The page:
TRENTON – New Jersey will receive $165 million as the result of two settlements involving pollution in the Passaic River, the Attorney General’s Office announced Friday.
The state will receive $130 million from defendants that include Spanish oil company Repsol as a result of one settlement, and in the other, the state will see $35.4 million from 261 so-called third-party defendants that include 70 towns and authorities, according to Acting Attorney General John Hoffman.
The state did not sue the third-parties; they were brought into the case by other defendants.
Hoffman’s office said the settlements OK’d by a Superior Court judge will allow the state Department of Environmental Protection to pursue claims against the principal defendant, Occidental Chemical, which has been accused of “intentionally dumping dioxin and other chemical waste into the Passaic River for decades.’’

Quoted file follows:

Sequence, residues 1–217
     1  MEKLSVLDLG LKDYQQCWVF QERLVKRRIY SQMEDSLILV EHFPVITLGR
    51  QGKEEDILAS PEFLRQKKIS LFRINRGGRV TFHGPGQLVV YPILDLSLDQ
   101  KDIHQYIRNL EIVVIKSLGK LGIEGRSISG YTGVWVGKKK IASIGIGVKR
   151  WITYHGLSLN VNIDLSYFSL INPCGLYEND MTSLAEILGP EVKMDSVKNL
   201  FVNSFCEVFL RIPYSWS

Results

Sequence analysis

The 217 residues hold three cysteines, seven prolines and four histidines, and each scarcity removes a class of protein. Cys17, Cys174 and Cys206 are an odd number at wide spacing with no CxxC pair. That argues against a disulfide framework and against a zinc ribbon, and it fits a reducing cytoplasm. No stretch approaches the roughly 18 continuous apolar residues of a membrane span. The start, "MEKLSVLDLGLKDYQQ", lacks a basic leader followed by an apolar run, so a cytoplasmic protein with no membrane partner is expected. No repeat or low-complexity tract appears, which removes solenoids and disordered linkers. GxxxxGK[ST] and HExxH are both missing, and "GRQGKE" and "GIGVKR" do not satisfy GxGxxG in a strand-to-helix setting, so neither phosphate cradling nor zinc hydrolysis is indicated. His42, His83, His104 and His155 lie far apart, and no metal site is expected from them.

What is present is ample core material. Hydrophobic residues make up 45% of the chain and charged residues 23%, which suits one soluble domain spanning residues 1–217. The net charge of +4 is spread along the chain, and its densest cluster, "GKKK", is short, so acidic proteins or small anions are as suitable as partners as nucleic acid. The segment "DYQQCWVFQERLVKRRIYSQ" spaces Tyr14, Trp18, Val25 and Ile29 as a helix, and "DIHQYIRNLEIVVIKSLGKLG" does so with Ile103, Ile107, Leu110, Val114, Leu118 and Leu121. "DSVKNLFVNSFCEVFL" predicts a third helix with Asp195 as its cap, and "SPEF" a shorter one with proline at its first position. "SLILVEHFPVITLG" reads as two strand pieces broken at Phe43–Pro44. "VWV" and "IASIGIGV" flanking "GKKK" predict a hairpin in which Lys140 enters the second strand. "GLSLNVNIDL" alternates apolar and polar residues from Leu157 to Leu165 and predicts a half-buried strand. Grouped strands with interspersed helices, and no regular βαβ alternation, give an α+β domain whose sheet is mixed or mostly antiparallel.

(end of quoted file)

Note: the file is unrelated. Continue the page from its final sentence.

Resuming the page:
“These are important settlements for the people of New Jersey and for our environment,” Hoffman said in a release. “The residents of New Jersey should not be forced to bear the cost of cleaning up the Passaic River – a precious natural resource damaged by industrial polluters.
“In this case and every other case involving polluters who have violated the state’s environmental laws — regardless of how or when – it is our commitment to ensure that those responsible for the contamination are held accountable.”
The AG’s office said that the Environmental Protection Agency is finalizing a detailed plan for cleanup of the lower eight miles of the Passaic River, which is expected to be released in early 2014.
The DEP reiterated that harvesting blue claw crabs from the lower river and Newark Bay is prohibited because of the contamination.